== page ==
At the age of 23 and in January of 2016, I was initiated into Freemasonry as an Entered Apprentice by a Jewish Past Master, Alan Ozer with whom over time I formed a close bond and which attests what true Masonry is with a Muslim and Jew embracing each other for the sake of God and brotherhood. On the same night I am thankful to another Past Master, Greg Klauder who told me ‘People will still be people.” in reference to me as a Muslim who appreciated the unity. Over time I begin to understand what PM Klauder had meant.

As time went on and I became a Master Mason, 32nd degree Scottish Rite, Shriner, Royal Arch Mason, and Royal/Select Council Master Mason. I realized that Freemasonry was just a social club with a few ritual traditions. I was also discouraged as I saw the brethren who would smile in my faces but would later post Anti-Islamic and Anti-Immigrant posts on their social medias. I stayed patient and realized the imperfection of all things as we are taught as Masons and made an effort to try to win everybody’s heart through my honest spirit and character of seeing true human unity but even that was not enough. In the summer of 2018, after 2.5 years of a solid active effort, I decided to resign from Freemasonry and its bodies with my good standing intact. I shed tears when I wrote my resignation letter but God had told me in my heart that they did not deserve me and I had the right to move on. I reflected on the story of Prophet Musa (Moses) from the Holy Bible and Holy Quran where he was in line for the Egyptian throne but decided to throw that all away when his heart did not accept the Israelites being mercilessly abused. I left for the same reasons where I experienced bigotry, ignorance, and the total opposite of what a Mason really is.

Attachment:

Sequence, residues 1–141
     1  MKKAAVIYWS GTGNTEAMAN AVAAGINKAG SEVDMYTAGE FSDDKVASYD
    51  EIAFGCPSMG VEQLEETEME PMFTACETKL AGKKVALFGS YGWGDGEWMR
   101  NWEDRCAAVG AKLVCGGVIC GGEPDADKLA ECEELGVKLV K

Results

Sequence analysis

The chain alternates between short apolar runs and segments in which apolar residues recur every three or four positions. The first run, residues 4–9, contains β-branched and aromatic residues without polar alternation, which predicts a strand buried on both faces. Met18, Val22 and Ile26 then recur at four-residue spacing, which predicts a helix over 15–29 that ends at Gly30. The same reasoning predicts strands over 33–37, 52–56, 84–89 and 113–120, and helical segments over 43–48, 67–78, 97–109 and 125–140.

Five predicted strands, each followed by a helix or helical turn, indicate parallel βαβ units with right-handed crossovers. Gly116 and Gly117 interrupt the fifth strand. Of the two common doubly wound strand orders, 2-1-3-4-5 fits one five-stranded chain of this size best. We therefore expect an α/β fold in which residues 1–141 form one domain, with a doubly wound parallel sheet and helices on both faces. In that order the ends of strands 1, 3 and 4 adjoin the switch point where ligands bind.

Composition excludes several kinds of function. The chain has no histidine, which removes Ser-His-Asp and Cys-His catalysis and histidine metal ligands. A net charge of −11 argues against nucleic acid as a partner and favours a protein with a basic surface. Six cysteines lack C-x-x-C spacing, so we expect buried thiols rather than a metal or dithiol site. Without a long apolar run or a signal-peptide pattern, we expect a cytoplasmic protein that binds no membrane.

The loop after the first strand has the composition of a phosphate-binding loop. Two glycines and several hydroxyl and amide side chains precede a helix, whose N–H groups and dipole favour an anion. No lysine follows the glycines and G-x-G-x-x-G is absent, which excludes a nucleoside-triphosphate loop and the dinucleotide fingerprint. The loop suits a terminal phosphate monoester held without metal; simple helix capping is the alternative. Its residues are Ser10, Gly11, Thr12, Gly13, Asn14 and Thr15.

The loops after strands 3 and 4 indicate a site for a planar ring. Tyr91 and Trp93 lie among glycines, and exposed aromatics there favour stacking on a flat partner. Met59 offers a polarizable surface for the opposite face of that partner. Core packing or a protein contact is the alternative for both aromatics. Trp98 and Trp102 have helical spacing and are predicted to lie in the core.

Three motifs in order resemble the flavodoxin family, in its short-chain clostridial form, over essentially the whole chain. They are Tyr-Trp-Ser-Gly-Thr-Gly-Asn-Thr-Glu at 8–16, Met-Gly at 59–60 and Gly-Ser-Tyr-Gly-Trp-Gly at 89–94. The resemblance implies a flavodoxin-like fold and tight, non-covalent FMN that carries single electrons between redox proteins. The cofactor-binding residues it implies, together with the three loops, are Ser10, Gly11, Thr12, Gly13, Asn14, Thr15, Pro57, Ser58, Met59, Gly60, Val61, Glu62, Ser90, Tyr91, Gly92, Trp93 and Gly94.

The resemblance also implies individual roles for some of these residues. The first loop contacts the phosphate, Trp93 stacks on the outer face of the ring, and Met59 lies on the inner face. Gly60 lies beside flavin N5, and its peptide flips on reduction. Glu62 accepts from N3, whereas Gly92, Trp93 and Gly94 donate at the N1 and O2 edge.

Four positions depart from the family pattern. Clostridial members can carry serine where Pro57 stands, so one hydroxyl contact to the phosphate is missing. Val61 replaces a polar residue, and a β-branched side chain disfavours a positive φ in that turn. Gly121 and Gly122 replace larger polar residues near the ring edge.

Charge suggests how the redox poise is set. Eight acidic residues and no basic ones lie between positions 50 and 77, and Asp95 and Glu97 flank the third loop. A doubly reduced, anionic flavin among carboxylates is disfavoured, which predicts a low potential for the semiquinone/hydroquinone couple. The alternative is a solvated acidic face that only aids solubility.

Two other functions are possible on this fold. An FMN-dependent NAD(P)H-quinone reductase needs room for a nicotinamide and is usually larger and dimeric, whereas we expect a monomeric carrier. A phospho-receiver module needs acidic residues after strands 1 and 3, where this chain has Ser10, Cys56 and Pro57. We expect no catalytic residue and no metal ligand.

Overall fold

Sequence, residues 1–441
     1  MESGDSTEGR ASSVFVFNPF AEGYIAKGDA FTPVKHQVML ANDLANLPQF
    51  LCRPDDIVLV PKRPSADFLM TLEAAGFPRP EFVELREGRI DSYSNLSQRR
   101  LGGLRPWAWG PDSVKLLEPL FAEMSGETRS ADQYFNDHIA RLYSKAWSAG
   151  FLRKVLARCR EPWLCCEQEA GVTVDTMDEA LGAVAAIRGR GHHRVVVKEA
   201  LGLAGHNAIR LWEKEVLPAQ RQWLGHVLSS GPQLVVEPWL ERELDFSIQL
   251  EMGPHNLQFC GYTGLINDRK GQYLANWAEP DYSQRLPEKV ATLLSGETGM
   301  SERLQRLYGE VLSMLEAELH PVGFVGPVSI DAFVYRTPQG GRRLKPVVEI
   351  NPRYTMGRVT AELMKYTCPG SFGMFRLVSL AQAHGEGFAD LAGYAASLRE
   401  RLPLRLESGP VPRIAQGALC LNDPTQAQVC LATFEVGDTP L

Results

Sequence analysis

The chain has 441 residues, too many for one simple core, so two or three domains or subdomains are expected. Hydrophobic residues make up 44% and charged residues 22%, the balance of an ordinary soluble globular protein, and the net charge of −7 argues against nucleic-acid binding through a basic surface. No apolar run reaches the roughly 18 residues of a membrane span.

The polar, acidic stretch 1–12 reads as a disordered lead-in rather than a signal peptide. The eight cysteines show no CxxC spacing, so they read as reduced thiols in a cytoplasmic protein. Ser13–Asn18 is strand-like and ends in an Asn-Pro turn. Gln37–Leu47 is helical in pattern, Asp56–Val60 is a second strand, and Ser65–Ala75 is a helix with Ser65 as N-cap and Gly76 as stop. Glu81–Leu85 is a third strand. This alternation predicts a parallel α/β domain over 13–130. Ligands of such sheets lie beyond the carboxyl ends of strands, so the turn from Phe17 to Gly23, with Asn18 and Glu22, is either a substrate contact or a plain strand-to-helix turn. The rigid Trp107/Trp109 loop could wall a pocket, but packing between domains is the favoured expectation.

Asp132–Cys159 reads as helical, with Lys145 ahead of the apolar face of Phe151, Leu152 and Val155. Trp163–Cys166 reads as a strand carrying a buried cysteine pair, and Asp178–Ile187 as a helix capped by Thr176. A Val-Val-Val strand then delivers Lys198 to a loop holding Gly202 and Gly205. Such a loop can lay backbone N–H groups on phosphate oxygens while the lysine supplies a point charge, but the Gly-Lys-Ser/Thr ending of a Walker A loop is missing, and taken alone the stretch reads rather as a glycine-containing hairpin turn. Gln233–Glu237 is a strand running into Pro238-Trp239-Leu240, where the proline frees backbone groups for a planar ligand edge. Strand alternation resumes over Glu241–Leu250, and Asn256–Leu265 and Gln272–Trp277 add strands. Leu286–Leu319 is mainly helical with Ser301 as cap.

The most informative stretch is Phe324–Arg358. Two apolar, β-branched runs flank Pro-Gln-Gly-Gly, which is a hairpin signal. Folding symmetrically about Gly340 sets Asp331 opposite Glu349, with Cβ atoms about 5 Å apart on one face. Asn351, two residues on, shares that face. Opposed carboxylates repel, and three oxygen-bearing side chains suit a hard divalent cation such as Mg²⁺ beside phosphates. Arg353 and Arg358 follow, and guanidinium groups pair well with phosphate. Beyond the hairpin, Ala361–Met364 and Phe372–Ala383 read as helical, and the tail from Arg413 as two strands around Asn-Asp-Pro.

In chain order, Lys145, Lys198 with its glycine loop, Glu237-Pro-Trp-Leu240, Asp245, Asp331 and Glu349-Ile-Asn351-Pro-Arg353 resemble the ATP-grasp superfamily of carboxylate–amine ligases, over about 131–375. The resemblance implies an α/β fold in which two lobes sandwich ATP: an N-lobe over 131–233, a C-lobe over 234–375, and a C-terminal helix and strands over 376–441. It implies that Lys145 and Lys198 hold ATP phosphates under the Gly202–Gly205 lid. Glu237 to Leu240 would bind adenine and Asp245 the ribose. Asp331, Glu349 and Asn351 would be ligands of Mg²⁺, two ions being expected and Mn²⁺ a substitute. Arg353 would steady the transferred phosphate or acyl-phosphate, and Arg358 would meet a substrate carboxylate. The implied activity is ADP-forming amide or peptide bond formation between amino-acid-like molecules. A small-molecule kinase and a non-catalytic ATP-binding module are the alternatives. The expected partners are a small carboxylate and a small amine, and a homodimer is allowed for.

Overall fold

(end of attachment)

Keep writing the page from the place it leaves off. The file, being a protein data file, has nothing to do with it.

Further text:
As my tenure as a Mason I made sure I gave hugs, smiles, and real knowledge to all those who came my way in which I had members from India, UK, Africa, etc. all reach out to me to express their interest in my works and printed my essays in their lodges which at the end only made my lodge, Grand Lodge, and country stand out in a positive way in the current environment of confusion, division, and chaos. I feel pride that in my short time I did more to benefit the global Masonic community than those who were here before me for years but didn’t make a positive difference in the aspects of bringing humanity and Masons of different backgrounds together as we just saw in 2018 Florida and Texas recognizing their Prince Hall counterparts. We are still behind in many ways and one of the reasons I left because the organization lets anybody in and we don’t practice what we preach when the going gets tough or when it comes down to the nitty gritty. I am thankful to Mike from Grand Lodge who called me and we agreed we would rather be only just 20 people instead of 100,000 but all 20 of them being top notch quality who were there for the right reasons. I am also thankful to RWGM S Eugene Herritt who promised to keep my memory and vision alive in terms of bringing change to the Grand Lodge. Masonry in the US I believe and its members are currently a reflection of the society they inhibit, by that I mean that we spend majority of our times on social media, at jobs, home, and in the community and that’s where your true character is revealed the most in comparison to just 2 night a month at lodge and pretending to call someone a brother just for the sake of it but when times of trial and tribulation come those same people are nowhere to be found and can turn against you if they see the benefit of doing so. That is not Masonry and I chose to walk away from it to contribute to my own community and people who deserved it more. I still have WM’s from India asking for my demit certificate to make me a member there but declined all of their requests. My next goal in life is to be initiated into Sufism (Mystic Islam) and follow the true path of God with people who are on the same spiritual frequency as me. I did not resonate anymore with the members or the fraternity on a spiritual basis which caused my departure so at the end it was not my loss at all.